15 3.1. THE ESTIMATION SAMPLE The generation of the mapping function involves the estimation of the statistical relationship between the target measure (the EQ-5D) and the predictive measure(s) using an estimation dataset. The first step in the mapping approach is to obtain the estimation sample. As this assumes that the statistical relationship is the same across the estimation and trial datasets, the choice of the estimation sample is crucially important. The estimation sample is the group of people, usually patients, who will complete the EQ-5D to report their own health and from whom data on the source measures will also be obtained. In order to be confident about the generalisability of the mapping function to the target sample, the clinical and demographic characteristics of people in the estimation sample should be as similar to the characteristics of the target sample to which the mapping algorithm will be applied as possible. All covariates used in the mapping function should be overlapping in distribution for the estimation and target samples. It is recommended that all variables included within the target source (e.g. the main clinical trial/s used to inform clinical effectiveness within the economic model) that are thought likely to impact on EQ-5D values should be included in the estimation sample. If no existing dataset is available that includes both the source and the EQ-5D it will be necessary to collect the data to estimate the mapping regression. One study that uses this approach followed the same inclusion and exclusion criteria for recruiting the estimation sample as the clinical trial which was the target for the mapping. 13 It may also be possible to use an estimation sample including a wider range of observations, providing that the full range of clinical and demographic characteristics are captured within the estimation sample (see for example 14,15 ). However, the ability of the mapping algorithm to predict the utility values of the target population will depend upon its relevance to that population. For example, there are several papers mapping the cancer-specific EORTC QLQ-C30 onto EQ-5D for different cancer patient groups. The mapping regressions differ between the different patient samples used to estimate the mapping algorithm, and one possible explanation is that the algorithms may not be generalisable to different cancer conditions This is an area that requires further research. Alternatively double mapping has been used in unpublished studies, where it has not been possible to obtain a dataset that contains both the source and target measures. This involves one estimation dataset to map from the source to an intermediary measure and a second 15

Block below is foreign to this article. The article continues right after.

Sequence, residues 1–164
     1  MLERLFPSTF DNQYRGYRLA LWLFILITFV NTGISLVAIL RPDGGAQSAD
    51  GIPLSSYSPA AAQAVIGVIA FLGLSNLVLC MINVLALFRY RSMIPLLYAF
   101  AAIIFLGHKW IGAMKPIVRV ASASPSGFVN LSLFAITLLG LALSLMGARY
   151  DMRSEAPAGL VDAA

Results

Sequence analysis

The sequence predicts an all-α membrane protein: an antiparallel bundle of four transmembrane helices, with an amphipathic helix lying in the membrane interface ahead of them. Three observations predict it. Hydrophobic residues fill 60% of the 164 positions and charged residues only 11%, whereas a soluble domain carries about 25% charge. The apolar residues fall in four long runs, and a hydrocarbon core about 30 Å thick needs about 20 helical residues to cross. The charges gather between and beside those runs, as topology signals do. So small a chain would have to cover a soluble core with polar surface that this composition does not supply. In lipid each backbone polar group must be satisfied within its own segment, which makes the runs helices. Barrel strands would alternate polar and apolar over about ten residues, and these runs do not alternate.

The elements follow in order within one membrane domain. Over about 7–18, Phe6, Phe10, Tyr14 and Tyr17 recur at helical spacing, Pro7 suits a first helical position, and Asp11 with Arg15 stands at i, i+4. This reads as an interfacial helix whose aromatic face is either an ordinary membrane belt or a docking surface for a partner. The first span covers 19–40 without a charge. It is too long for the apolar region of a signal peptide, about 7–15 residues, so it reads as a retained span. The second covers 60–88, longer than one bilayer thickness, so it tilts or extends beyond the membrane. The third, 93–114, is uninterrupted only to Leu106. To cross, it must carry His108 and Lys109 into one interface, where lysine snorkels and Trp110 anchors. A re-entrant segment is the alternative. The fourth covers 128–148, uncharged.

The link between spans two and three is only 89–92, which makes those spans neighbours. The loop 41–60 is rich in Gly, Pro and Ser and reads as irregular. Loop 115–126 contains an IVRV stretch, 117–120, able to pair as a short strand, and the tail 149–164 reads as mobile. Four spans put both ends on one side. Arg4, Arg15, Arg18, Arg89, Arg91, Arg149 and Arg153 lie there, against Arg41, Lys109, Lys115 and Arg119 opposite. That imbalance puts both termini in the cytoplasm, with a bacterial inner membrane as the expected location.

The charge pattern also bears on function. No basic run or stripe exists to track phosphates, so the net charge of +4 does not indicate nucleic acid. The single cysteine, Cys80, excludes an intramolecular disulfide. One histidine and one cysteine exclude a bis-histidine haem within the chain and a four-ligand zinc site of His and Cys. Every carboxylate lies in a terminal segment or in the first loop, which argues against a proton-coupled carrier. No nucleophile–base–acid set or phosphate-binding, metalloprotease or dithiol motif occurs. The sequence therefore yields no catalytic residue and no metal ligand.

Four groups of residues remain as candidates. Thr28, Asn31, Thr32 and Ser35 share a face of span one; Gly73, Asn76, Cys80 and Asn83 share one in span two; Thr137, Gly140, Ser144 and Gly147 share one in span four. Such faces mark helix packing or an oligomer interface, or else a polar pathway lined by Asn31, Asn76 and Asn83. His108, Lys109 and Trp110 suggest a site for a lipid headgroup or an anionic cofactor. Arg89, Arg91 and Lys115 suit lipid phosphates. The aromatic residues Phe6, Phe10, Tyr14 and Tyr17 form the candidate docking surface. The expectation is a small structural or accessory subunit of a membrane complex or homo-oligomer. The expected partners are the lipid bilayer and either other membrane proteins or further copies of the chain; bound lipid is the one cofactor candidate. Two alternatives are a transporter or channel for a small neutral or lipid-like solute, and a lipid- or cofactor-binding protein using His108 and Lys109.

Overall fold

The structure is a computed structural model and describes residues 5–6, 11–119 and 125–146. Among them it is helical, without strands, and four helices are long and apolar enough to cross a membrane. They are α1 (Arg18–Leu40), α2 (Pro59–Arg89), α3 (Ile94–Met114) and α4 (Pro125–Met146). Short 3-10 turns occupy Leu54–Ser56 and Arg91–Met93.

16 estimation dataset to map from the intermediary measure onto the target measure. These estimates should be treated with caution as the process generates intermediary measure estimates that are then used to generate estimates, meaning that mapping twice is likely to increase the error and uncertainty around the EQ-5D estimates. If this approach is taken, the uncertainty should be fully accounted for within the economic analysis THE MAPPING FUNCTION Model specification The model specification can take a number of forms depending on which best suits the data and the decision problem at hand. The independent variable could be the utility index value or the responses to the EQ-5D dimensions. The explanatory variables should be those which best predict the EQ-5D values for health states included in the economic analysis. Additive models are currently most commonly used, however alternative model specifications have been used in the literature. A recent review of mapping studies undertook a systematic search of the literature supplemented by unpublished studies (identified by contacting researchers) in early 2007 and reports on 30 studies covering 119 mapping models. 20 As with the review of NICE submissions (Section 2) the review of the literature found that the most common target measure was EQ-5D (15 studies). However, in contrast to the review of NICE submissions in which the source measures were largely condition-specific, the most commonly used source measures in the literature were SF-36 (7 studies) and SF-12 (6 studies),. The most common model specification involved the use of a preference-based index as the dependent variable and dimension or item scores as independent variables. Papers also examined model specifications including squared terms and interaction terms to explore possible non linear relationships between the target and source measures. The review found that these had little impact, but it is likely that this differs by source and target measures, patient group and patient severity. The review found that the inclusion of non-health variables such as sociodemographics made some improvement in the accuracy of the mapping function. Table 1 provides a summary of different model specifications for the mapping function. 16